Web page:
Today on F+ we are showcasing Jonathan Grinham’s, from Virginia tech, a student who’s design research has landed him between the social design world of architecture and robotics. His project a2o is an intense design research project, similarly to the work we posted in the RPI BUILDSMART studio. The project goes far beyond the logistics of design, but integrates actual social interaction between architecture and the user. Check it out after the jump!
“a2o explores ‘Appliance Architecture,’ manifesting itself as a new aesthetic affect that exploits the symbiotic relationships between the exterior and interior spaces of a building to discover a new order between the tectonic, kinetic and ornamental. The appliance, in this case, is a study of building subassemblies with imbedded intelligence. These system utilizes servomechanism, sensors, processors and algorithmic logic to ask, what architecture can be?
// a2o was developed as a full-scale prototype designed within Michael Fox’s classification of dynamic kinetic structure. These systems are understood to be singular systems able to actively influence localized climates within a building system. In the case of a2o, the design was based on the narrative of a sun-shading interface.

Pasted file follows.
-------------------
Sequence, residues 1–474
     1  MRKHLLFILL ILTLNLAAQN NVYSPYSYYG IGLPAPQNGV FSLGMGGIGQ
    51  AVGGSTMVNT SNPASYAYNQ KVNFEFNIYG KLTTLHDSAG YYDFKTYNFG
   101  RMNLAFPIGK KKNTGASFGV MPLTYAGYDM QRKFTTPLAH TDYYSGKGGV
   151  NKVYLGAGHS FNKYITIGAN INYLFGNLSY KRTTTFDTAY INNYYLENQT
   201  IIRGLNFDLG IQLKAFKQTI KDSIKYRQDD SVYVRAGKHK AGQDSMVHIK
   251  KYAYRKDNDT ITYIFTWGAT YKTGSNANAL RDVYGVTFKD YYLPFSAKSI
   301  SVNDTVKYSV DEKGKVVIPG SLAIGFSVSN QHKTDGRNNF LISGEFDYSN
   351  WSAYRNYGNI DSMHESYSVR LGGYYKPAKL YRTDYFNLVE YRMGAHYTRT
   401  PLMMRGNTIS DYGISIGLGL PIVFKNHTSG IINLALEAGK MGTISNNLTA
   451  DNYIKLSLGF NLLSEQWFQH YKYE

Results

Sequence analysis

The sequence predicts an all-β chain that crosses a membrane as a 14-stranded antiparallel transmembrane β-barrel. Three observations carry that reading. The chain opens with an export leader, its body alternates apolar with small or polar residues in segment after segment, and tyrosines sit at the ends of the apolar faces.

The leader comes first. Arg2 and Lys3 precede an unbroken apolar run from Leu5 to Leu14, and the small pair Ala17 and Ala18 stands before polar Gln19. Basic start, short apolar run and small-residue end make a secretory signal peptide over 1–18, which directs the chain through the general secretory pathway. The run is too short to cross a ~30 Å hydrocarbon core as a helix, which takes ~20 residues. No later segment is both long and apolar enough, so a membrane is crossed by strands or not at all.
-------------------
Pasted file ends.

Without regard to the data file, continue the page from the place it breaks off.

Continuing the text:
The design focuses on the capacity for realization. Therefore, a plug and play nodal design was adopted. A nodal design allowed a2o to have a small profile in elevation as well as a singular physical connection to the system’s framework. The use of a nodal system also shifted the understanding of a2o from an architecture that required a host building to an architectural product that was an expandable piece/part system.
The team envisioned a bottom up design for the physical construction within a top down computational logic. Each unit contains dedicated sensors (infrared range finder and photocell) and dedicated actuators (linear actuator, RGB LED, and piezo buzzer). Sensory data collected by each individual unit is relayed to a master controller – in this case an Arduino microprocessor – which controls a pixel of five units.
The master controller would then describe an action for the individual units to perform in direct relationship to the sensory data it collected. If the master controller recognizes a specific set of data – in this case no data – it could then describe a preset task for all of the units within its pixel to perform, producing a top down response. This logic structure, described as cellular automaton, allows for the piece/part system to be expanded infinitely as each pixel within the system becomes a unit within the subsequent pixel.”
– Jonathan Grinham
All Images and Text via Jonathan Grinham